Seven dead in Cambodia building collapse

Seven dead in Cambodia building collapse

Four Chinese nationals detained as search continues in rubble of resort condo in Sihanoukville

Rescuers use an excavator to remove rubble at the site of a collapsed building in Sihanoukville, Cambodia on Saturday. (AP Photo)
Rescuers use an excavator to remove rubble at the site of a collapsed building in Sihanoukville, Cambodia on Saturday. (AP Photo)

PHNOM PENH: A seven-storey building under construction collapsed in the coastal city of Sihanoukville early Saturday, killing seven workers and injuring 21, authorities said.

Provincial authorities said in a statement that four Chinese nationals involved in the construction had been detained while an investigation into the collapse is carried out.

Rescue work at the site was under way to find out if any more workers were trapped in the rubble, said the city police chief, Maj Thul Phorsda.

The Ministry of Labour and Vocational Training said that 30 workers were at the site when the building tumbled around 4am. Police and provincial authorities said they were unsure how many people were working on the building.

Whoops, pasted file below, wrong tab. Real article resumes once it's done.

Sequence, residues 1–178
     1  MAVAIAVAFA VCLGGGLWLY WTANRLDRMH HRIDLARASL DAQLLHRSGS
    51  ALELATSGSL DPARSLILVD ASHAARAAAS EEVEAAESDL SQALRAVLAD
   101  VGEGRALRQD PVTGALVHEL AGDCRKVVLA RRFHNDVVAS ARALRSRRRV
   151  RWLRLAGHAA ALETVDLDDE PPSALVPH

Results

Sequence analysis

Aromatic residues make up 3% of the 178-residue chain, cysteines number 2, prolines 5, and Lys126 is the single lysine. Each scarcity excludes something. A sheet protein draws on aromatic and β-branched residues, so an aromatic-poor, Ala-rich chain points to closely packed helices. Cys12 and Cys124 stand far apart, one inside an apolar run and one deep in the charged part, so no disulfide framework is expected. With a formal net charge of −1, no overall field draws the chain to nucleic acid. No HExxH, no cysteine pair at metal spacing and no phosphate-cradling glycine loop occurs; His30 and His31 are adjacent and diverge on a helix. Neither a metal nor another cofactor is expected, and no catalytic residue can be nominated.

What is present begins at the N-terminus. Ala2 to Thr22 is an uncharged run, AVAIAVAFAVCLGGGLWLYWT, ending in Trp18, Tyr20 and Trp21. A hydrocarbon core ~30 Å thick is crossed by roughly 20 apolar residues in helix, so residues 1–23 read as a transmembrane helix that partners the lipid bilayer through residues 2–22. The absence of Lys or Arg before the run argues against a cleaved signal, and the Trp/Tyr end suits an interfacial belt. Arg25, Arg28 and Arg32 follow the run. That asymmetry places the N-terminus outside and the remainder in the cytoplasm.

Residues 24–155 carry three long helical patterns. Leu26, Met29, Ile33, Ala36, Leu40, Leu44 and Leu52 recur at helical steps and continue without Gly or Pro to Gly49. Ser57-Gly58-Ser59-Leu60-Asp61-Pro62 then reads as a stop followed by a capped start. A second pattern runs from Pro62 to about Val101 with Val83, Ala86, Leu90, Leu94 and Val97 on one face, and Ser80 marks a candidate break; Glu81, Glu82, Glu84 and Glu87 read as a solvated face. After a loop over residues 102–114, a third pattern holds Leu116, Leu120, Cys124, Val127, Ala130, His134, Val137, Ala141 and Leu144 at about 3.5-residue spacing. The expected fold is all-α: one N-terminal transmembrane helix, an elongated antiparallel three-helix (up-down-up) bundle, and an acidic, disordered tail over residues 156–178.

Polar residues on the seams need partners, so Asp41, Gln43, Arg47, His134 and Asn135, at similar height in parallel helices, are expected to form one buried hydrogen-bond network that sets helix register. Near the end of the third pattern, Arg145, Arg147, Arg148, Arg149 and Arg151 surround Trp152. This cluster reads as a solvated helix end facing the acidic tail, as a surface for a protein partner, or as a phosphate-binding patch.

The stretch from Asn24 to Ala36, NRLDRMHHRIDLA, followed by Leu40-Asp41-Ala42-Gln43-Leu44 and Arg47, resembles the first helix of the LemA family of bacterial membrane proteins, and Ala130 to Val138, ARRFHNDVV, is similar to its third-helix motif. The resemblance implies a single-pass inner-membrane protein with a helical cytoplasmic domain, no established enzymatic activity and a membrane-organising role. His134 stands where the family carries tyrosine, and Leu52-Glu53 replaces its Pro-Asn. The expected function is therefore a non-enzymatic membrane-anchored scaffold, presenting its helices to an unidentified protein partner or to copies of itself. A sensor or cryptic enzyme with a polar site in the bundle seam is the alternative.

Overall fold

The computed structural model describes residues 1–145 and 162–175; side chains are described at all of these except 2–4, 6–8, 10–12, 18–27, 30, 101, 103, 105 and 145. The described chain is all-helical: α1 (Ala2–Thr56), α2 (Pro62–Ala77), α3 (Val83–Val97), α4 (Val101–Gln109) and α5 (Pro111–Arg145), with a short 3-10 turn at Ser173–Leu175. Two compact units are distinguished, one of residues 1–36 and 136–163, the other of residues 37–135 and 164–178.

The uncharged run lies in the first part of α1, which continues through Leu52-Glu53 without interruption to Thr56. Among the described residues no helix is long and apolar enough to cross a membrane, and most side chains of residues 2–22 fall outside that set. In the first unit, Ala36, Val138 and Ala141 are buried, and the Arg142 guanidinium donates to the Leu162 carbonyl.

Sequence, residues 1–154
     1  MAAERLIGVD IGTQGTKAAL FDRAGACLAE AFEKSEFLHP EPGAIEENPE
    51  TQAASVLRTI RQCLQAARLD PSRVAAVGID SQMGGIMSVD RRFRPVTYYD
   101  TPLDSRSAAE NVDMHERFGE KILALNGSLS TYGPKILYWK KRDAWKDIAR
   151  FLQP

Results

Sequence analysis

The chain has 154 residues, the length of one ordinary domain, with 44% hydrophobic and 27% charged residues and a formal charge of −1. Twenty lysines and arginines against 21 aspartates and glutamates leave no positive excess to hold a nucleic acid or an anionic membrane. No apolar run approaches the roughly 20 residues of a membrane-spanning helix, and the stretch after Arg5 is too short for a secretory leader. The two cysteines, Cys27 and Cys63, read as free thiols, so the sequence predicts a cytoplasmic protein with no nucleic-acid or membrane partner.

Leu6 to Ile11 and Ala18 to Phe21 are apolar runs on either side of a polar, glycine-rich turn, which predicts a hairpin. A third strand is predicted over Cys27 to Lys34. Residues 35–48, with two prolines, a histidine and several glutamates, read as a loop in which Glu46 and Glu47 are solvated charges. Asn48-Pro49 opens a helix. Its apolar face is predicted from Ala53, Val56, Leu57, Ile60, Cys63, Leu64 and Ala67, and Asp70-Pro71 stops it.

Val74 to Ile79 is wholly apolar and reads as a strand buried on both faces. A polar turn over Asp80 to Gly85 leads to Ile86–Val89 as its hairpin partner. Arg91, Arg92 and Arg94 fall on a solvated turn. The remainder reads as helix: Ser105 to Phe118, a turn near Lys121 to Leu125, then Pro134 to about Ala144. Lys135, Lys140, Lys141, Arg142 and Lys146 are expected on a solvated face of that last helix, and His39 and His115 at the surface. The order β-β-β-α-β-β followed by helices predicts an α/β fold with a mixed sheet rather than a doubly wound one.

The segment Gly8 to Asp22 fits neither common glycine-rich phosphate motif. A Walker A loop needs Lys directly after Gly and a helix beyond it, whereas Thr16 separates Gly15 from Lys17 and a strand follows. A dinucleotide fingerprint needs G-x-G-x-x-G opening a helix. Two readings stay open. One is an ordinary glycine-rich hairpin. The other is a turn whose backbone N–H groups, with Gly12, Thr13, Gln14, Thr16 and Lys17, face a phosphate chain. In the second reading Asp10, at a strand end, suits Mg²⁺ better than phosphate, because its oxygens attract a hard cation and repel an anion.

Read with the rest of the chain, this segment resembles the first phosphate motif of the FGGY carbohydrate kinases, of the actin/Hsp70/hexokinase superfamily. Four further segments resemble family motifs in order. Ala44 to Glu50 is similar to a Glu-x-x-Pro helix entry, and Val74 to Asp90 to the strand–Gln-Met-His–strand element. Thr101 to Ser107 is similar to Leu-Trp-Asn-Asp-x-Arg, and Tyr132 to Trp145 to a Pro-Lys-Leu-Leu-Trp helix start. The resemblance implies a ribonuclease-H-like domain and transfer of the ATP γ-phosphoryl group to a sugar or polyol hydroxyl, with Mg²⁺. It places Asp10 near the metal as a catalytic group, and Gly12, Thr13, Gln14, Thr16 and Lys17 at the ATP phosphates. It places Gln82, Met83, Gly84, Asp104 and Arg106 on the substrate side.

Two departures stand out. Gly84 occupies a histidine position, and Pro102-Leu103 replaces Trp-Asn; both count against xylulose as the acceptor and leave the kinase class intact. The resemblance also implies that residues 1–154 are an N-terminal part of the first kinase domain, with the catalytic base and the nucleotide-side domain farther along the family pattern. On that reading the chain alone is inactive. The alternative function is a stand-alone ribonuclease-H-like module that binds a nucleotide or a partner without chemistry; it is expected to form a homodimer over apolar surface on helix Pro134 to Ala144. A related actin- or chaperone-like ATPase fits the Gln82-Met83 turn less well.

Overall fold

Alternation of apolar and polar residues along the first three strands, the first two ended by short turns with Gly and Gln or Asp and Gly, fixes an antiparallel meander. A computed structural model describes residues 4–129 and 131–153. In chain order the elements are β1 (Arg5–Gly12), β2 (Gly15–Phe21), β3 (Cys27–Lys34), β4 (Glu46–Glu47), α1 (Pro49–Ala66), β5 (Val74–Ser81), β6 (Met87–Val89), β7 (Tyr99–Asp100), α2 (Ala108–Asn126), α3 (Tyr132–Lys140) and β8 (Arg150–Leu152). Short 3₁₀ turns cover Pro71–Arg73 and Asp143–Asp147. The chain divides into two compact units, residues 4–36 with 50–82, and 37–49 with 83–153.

It wasn't immediately clear what caused the collapse.

Yun Min, the governor of Preah Sihanouk province, said the building was owned by a Chinese investor who leased land for a condominium — one of many Chinese projects in the thriving beach resort.

Information Minister Khieu Kanharith said on his official Facebook page that the Cambodian workers were using the unfinished structure as their sleeping quarters. The building was about 70% to 80% completed.

Sihanoukville was once a sleepy fishing community before being claimed first by Western backpackers, and then wealthy Russians.

Chinese investment has flooded in in recent years, spurring a construction boom in a resort town known for its casinos which pull in mainland tourists.

There are around 50 Chinese-owned casinos and dozens of hotel complexes under construction.

Between 2016 and 2018, US$1 billion was invested by Chinese government and private businesses in the Preah Sihanouk province, according to official statistics.

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